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Author Topic: about the aircrafts.  (Read 20080 times)

Offline TrashMan

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Re: about the aircrafts.
« Reply #15 on: January 17, 2009, 01:00:19 pm »
I have no idea where you got all that, but I'll repeat once more - forward swept wings are not a good choice for high-speeds. At low speeds it offers great manuverabiltiy (but so do some other solutions).
It's an interesting experimental concept, but as you can see, despite such wing design being known for decades, it's rarely used anywhere. Nasa has got a few test planes, so do the russians. and that's it. Yay for the forward-swept wings.

It's not as good as you may believe.

Offline DuKe2112

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Re: about the aircrafts.
« Reply #16 on: January 17, 2009, 03:01:49 pm »
I have no idea where you got your aversion to those wings. And I can only repeat once more, The shape itself is quite good it only has the two problems of flight stability and structural integrity.
The first can be countered with fly by wire and the second with stronger materials.
Both of which have been missing in sufficient quality until lately. And that is the reason that such planes are rare but the technology of UFO:AI wwould have even less of a problem with it.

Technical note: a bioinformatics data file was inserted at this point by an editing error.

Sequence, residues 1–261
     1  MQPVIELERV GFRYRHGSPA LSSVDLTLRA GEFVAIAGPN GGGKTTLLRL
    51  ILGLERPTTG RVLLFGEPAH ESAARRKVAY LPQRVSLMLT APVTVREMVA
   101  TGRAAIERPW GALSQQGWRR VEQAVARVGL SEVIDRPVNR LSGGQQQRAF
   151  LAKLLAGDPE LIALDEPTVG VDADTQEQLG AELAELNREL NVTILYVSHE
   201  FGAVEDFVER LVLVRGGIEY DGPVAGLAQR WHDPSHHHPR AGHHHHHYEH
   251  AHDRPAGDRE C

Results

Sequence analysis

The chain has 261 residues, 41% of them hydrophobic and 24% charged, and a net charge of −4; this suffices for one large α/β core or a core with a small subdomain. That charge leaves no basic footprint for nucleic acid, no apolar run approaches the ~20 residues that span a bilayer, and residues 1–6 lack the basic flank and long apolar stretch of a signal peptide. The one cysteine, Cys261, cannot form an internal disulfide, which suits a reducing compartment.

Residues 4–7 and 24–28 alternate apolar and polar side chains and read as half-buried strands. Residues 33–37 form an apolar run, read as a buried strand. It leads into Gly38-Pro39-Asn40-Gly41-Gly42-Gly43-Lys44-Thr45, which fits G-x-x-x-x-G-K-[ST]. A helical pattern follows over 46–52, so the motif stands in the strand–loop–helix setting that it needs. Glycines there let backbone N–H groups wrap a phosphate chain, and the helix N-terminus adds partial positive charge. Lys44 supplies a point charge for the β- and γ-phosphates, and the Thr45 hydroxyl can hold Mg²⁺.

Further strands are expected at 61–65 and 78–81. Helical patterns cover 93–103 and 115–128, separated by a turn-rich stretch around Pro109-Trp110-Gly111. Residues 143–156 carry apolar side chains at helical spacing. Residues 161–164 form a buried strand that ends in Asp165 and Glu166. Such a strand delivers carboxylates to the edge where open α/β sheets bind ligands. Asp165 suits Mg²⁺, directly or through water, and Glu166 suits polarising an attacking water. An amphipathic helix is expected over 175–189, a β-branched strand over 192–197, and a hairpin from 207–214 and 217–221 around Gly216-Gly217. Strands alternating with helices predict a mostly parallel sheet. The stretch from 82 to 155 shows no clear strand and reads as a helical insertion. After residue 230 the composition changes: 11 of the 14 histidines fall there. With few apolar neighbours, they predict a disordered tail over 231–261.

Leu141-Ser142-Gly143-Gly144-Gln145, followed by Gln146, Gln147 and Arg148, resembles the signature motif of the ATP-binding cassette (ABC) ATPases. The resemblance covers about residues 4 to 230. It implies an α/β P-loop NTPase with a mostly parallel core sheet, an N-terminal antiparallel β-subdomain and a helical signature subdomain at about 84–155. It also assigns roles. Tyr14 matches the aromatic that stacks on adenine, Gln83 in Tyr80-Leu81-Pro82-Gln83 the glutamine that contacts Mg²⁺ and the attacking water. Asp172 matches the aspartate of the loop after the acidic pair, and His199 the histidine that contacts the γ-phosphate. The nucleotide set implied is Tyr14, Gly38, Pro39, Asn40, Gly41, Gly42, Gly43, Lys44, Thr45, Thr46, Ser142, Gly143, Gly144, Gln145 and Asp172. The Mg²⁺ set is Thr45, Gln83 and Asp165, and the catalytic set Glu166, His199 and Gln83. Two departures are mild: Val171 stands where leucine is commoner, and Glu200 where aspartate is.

Offline TrashMan

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Re: about the aircrafts.
« Reply #17 on: January 17, 2009, 03:35:18 pm »
I got no aversion for those wings - I just am in touch with reality.

Read on the wikipedia what it sez about forward-swept wings if you don't believe me. It only offers better manuverablity at transonic speeds (compared to other wing shapes).

Offline Psawhn

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Re: about the aircrafts.
« Reply #18 on: January 17, 2009, 07:00:35 pm »
You are right in that, realistically, they are a poor choice for modern aircraft. Their agility advantages do not outweigh the structural and stealth disadvantages, particularly because modern combat is focused on the missile.

They offer better maneuverability at all speeds, but their advantages are most pronounced at high angles of attack and transonic speeds - areas where more conventional wings suffer from very poor airflow. At supersonic speeds the greater potential of forward wings are wasted because conventional wings offer enough maneuverability without as many structural concerns.